By Alex Giannini
I’d written a pretty solid 200 words when the toilets started overflowing.
I was in a library, I should mention, and it was somewhere close to one in the morning when I looked up from my laptop and a somewhat skittish patron sauntered over apologetically. Since I work in said library and it was kinda-sorta-maybe my idea to keep the place open overnight to kick off NaNo 2016 with a bunch of fellow writers, “toilet overflowing” was most definitely on the list of things I was responsible for.
So I closed my laptop and, along with a co-worker, I checked out the situation. By the time we figured out we really couldn’t do a damn thing about the overflowing toilets, my whole writing groove was broken.
So were the toilets, incidentally.
More importantly, though, I wouldn’t get back on my writing track until the very wee hours of the morning. Which brings me to my goal that night.
I know NaNo is about writing a novel, but I’m a short story guy, and my intention was to start and finish one such piece during the overnight at the library. I was working on a book of short stories (that I would eventually break out and send to magazines instead), and I thought an entire night of uninterrupted writing would produce—at the very least—one story. You know, with a beginning, a middle, and an end. And maybe some nice character development along the way. It was Halloween night (or, at least, it had been when I clacked my first key), and spooky is my jam, so I wanted to write a creepy little tale.
Despite the true Halloween horror of overflowing public library toilets and what they did to the walls that night, I eventually met that goal and banged out a pretty decent little yarn about a flea market, a witch, and an aging hipster named Alan.
Goal-setting is super important, obviously, and it’s one thing I’m super bad at. As I’m writing this, I’m actually doing so to distract myself from a looming deadline for a book that’s due on Monday. (It’s Saturday night—well, evening, really—so I still have some time, but you get my point.) My first draft is due Monday and up until now, I’ve been good about keeping my pace with deadlines. As it stands, I’m probably close to 90 percent done, but I would have rather polished this off and sent it out earlier in the week. Still, deadlines make goal-setting easier, as a deadline is essentially just a someone-else’s-mandate of a goal.
Setting goals for things that have yet to be sent out into the world tends to be a little tougher for me.
I’ve worked in many jobs, from publishing to corporate to now library-ing, and goal setting is always this somewhat nebulous concept that begins in a new fiscal year and doesn’t ever really seem to end. Things change, jobs shift in description, toilets overflow.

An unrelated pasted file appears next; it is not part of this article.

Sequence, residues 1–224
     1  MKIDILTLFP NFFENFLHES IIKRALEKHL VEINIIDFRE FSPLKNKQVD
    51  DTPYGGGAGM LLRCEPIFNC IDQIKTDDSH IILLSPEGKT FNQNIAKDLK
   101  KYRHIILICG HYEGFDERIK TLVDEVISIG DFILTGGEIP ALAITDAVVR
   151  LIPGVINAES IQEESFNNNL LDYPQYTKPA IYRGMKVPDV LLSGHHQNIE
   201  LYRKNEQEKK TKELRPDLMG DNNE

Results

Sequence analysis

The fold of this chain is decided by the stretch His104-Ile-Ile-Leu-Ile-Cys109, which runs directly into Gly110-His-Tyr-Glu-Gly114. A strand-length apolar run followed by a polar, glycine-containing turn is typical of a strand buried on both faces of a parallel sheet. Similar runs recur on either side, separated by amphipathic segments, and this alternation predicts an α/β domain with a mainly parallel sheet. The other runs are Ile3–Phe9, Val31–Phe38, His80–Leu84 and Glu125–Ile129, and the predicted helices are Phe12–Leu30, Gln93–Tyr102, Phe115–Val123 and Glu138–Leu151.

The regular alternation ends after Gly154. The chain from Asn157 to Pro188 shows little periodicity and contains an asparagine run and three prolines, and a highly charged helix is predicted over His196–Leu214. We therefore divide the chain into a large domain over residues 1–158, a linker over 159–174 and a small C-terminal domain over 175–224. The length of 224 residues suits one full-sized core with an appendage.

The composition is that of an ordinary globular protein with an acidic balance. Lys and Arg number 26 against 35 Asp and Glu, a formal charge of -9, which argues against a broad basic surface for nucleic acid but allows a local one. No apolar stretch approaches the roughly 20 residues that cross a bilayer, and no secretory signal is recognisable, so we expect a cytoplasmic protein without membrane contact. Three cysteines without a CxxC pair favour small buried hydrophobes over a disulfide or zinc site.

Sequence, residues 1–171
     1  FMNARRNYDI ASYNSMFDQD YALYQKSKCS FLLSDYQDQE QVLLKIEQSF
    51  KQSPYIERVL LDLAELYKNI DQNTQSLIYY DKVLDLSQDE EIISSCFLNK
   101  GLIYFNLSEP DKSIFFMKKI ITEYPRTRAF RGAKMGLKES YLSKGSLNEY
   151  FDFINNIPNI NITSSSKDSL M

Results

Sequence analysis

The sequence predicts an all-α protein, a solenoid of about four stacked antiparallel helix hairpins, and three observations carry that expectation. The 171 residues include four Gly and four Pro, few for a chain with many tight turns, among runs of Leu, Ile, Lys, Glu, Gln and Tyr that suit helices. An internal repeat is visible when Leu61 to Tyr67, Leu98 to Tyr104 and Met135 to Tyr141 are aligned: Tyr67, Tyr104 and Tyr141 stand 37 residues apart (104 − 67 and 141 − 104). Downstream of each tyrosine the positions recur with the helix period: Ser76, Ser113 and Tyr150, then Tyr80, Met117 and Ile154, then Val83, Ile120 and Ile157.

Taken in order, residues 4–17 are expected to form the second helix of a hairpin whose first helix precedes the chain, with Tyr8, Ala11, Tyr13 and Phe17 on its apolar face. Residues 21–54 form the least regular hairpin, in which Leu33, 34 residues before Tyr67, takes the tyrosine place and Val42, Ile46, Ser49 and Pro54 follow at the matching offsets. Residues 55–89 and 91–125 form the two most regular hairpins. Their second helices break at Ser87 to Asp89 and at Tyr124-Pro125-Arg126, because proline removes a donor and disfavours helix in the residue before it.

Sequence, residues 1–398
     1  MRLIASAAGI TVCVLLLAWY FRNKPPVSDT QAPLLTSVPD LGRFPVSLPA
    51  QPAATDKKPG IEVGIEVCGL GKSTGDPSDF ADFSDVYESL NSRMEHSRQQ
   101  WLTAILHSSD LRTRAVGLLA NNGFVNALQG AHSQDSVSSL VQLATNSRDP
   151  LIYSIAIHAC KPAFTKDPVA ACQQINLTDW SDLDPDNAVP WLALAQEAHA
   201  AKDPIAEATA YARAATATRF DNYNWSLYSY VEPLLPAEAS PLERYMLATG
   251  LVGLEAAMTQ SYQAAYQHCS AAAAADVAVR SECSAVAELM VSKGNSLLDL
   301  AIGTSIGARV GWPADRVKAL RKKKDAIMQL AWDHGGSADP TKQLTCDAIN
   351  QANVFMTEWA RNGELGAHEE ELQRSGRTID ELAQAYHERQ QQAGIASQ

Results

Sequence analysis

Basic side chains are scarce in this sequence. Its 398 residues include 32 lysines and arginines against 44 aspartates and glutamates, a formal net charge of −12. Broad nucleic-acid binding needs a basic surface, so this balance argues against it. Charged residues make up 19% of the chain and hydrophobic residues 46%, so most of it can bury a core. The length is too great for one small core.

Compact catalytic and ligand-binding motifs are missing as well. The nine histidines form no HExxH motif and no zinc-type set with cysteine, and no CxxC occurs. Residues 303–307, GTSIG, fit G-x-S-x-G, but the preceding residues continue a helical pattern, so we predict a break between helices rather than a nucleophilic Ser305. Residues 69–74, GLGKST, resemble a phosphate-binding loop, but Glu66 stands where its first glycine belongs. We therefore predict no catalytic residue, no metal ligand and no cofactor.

But with my writing, especially, goal setting takes on a new level of importance. Because it’s still the thing I do at night and on weekends and I have a budding family, the writing time needs to be pretty structured in terms of hammering things out. (And, just to clarify, by “budding family,” I mean that my wife and I adopted a 36-pound ball of Border Collie fury named Harlan—yes, after that Harlan—and he needs both constant attention and constant exercise. But he’s awesome.)
Speaking of Mr. Ellison, his buddy Ray Bradbury used to say that you should try to write one short story a day for an entire year. I followed that advice as best I could for as long as I could, but now I’m more in the camp of writing one or two per week. And if it’s not a short story, then it’s an essay, or a comic book review, or even just a chapter of a larger thing or a pitch for something new or whatever. I like working on multiple things at once and switching between them to keep the ideas fresh and to keep my mind from wandering. And that kind of goal setting has helped a lot and has made it easier to sit down and actually have something to say at the keyboard.
For NaNo, especially, setting goals is crucial because hey, listen—writing a novel in a month is kind of crazy. But unwinding a scene or two a day for a month? Now that’s downright doable. Laying down the bones of a SF-horror-noir-urban fantasy with a pizza-making warlock dog as the lead? Yeah, sure, now we’re talking. So go ahead and set goals, however nebulous or tenuous they may be. What’s important is that you actually meet them, and then you move on from them. Because it’s always onto the next, right?
Speaking of onto the next. It’s high time I meet my latest goal and finish this book about the Titanic. Don’t worry, I won’t spoil the ending.
In many respects, Alex Giannini has led a ridiculous life consisting of equally preposterous careers. From Little League fields to college baseball, from the most expensive traffic violation in recorded Syracuse history to living in Italy, from editing books on knitting, sewing, and framing houses to writing about, traveling with, and being threatened by, professional wrestlers, from publishing a children’s book (Sarah Faire and the House at the End of the World) to then raising an obscene amount of money on Kickstarter to do a second printing of said book. Eventually Alex gave up on any real chance at a career and decided to just be Batman.
When that went sideways, he applied to a job at an exceedingly popular and award-winning public library in Connecticut and eventually took over its MakerSpace. Alex Giannini is currently having way too much fun in his role as the Westport Library’s Manager of Experiential Learning and co-chair of MakerFaire Westport. In his spare time, he thinks about how nice it would be to have more spare time.